Containers

Deploy a Spring Boot application on a multi-architecture Amazon EKS cluster

Introduction

Why might customers consider deploying applications on a multi-architecture Amazon Elastic Kubernetes Service (Amazon EKS) cluster, with both ARM-based and AMD-based instances?

Cost optimization is often a key business driver of my customers. It’s also a key pillar for a well-architected design. Usually, there are a few widely applicable strategies for you to save cost on compute resources. For example, you can mix purchase options such as Savings Plans, on-demand and Spot instances, and you can right-size your compute resources.

AWS Graviton2 (ARM based) provides up to 40% better price performance over comparable current generation AMD-based instances for a wide variety of workloads. Since the initial launch of Graviton2 instances in Dec 2019, it has more integrations with AWS services such as Amazon Elastic Kubernetes Service (Amazon EKS), Amazon Relational Database Service (RDS), Elasticache, AWS CodeBuild, etc., which makes Graviton2 another widely applicable strategy for you to save cost.

A hybrid ARM and AMD deployment takes advantage of the Graviton2 instances for cost saving, at the same time lowers risks to migrate from AMD to ARM in one shot. With compatibility tested, you will be able to compile, build and deploy your existing code into a multi-architecture EKS cluster without any code change.

This post will cover how to:

  • Build a multi-architecture ARM and AMD EKS backend.
  • Build an automatic deployment pipeline to compile the Java Spring Boot application code into both ARM & AMD versions, and deploy to EKS backend.
  • Use the AWS Cloud Development Kit (CDK) to automate the AWS resource deployments.

The estimated hourly cost for running the resources deployed in this blog post with default settings is less than $1. Be sure to complete the cleanup step once completed.

Solution overview

Spring Boot application backend overview

  1. End users send request to a public application load balancer (ALB).
  2. ALB sends a request to AWS Load Balancer Controller in the EKS cluster. The EKS cluster contains two managed node groups, one with AMD instances, the other with Graviton2 (ARM) instances.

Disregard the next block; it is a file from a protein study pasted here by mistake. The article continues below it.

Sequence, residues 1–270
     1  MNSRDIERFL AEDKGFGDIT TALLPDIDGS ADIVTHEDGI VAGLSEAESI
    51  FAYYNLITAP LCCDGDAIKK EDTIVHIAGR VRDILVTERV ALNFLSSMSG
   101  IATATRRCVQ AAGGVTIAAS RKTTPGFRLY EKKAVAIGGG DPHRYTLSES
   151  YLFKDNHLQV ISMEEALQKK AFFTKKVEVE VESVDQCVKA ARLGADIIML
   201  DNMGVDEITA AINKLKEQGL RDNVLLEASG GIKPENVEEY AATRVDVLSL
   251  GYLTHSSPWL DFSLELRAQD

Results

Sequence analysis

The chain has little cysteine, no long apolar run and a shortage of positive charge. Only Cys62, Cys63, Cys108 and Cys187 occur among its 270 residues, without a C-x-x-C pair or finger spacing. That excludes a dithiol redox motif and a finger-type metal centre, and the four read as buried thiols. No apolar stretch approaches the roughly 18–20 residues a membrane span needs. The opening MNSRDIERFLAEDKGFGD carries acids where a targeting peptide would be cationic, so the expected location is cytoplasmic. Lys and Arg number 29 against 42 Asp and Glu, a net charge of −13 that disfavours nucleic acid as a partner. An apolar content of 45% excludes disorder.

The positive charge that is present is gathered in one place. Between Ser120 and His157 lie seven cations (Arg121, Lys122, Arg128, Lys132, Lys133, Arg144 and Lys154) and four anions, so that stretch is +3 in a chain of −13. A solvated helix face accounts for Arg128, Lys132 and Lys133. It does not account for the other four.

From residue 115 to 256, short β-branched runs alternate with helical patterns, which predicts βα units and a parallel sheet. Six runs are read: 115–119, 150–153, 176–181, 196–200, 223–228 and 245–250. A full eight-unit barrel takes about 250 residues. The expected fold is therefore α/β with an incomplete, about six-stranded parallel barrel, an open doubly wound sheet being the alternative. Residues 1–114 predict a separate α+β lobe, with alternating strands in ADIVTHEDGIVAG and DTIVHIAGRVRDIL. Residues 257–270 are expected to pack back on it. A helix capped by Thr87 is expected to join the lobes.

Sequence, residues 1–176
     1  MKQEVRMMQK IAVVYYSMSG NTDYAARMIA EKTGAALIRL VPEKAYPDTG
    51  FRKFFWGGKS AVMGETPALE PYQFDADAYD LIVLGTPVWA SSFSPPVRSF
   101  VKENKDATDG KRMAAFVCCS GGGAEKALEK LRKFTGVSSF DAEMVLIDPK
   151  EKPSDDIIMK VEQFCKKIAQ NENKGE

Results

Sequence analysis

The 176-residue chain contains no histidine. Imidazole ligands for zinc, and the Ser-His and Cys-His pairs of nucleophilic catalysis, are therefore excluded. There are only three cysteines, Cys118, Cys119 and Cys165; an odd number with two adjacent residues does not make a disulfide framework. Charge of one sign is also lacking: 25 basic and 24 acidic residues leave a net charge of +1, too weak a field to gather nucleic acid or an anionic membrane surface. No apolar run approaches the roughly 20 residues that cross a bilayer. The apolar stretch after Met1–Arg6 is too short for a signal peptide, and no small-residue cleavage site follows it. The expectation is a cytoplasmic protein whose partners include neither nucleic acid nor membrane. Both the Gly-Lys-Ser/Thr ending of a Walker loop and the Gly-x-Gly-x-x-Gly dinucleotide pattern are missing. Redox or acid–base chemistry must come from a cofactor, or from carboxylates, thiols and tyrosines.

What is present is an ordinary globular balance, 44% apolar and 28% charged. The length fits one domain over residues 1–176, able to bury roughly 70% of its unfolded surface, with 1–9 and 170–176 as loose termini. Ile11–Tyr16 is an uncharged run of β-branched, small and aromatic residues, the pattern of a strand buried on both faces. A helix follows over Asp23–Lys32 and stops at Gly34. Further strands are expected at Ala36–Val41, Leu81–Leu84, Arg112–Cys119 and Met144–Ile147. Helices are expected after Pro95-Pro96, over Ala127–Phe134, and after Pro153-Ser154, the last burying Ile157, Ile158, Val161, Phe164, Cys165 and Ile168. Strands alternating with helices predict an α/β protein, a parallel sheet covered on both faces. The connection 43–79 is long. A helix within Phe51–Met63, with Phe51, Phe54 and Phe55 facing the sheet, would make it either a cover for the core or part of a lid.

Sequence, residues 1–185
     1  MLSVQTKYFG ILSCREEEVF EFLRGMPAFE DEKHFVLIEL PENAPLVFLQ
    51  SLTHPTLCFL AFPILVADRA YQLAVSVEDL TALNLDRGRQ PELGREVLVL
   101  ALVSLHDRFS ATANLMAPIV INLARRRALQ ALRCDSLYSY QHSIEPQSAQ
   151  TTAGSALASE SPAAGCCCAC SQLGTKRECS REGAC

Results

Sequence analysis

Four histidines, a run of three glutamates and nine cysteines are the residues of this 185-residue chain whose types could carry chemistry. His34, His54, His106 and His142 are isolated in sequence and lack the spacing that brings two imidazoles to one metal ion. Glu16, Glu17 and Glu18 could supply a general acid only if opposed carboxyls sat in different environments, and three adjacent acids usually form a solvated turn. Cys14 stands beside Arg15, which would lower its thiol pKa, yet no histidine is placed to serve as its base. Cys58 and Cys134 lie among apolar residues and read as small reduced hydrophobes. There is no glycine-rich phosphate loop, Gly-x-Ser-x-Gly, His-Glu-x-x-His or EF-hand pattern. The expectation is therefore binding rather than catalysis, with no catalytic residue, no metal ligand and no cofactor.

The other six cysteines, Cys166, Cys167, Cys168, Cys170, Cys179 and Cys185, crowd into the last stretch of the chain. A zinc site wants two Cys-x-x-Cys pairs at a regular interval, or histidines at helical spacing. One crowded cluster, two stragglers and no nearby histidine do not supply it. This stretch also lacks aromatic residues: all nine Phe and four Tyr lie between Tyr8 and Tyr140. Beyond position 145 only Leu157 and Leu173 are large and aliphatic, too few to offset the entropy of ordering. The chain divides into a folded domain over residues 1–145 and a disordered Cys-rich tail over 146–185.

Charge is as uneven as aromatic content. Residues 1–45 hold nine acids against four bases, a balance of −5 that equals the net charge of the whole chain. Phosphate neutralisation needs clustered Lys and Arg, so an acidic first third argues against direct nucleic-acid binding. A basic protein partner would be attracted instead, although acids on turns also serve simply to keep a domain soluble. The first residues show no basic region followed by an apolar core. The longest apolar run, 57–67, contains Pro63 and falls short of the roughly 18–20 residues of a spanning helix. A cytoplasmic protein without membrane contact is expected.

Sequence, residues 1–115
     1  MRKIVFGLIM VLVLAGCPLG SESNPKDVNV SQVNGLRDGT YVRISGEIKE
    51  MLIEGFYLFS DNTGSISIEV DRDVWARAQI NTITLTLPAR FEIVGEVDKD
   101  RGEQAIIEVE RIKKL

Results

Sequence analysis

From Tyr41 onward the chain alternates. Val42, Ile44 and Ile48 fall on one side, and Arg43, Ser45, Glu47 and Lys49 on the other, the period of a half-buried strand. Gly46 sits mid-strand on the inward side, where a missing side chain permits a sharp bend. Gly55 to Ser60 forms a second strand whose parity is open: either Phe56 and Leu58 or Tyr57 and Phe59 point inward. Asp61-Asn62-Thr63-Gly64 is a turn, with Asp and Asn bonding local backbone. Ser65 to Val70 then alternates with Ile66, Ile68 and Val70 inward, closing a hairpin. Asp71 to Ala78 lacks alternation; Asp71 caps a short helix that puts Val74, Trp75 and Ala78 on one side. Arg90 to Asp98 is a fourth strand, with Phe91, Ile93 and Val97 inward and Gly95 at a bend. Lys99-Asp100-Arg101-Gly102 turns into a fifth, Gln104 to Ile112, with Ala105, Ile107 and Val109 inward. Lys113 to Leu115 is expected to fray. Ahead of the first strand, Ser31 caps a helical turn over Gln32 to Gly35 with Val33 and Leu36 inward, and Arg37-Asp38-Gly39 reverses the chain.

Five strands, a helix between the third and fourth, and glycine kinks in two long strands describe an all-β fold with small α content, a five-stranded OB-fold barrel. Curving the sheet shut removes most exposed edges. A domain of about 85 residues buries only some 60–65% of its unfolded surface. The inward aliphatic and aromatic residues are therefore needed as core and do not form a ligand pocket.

3. AWS Load Balancer Controller route requests to the Spring Boot application service. Spring Boot application service contains pods running on both AMD and ARM nodes.
  4. Spring Boot pods talks to Amazon Aurora, Amazon ElastiCache for Redis and generates the response.

Deployment pipeline overview

  1. Commit code to AWS CodeCommit.
  2. The code commit triggers AWS CodePipeline, starting with a build phase. The build phase has two tasks running on AWS CodeBuild in parallel. One is on the AMD instance to compile source code and build the AMD Docker image. The other is on the Graviton2 instance to build the ARM Docker image. They both push the Docker image to Amazon Elastic Container Registry (Amazon ECR) at the end of the task.
  3. When both tasks in build phase succeed, a post build phase is triggered. The post build task creates a container image manifest on top of the ARM and AMD Docker images. The manifest alias will route to the ARM or AMD container image image based on the architecture of the requester.
  4. The post build task commits the manifest to ECR.
  5. The post build task runs kubectl to apply Kubernetes config changes and update the Spring Boot service image to the newly created manifest alias.
  6. Spring Boot service picks up the config change, pods download the image matching the architecture of their hosting nodes, via the manifest alias.

Solution steps

Prerequisites

  1. Install CDK. Follow the prerequisites and install guidance. CDK will be used to deploy the application backend and deployment pipeline stacks.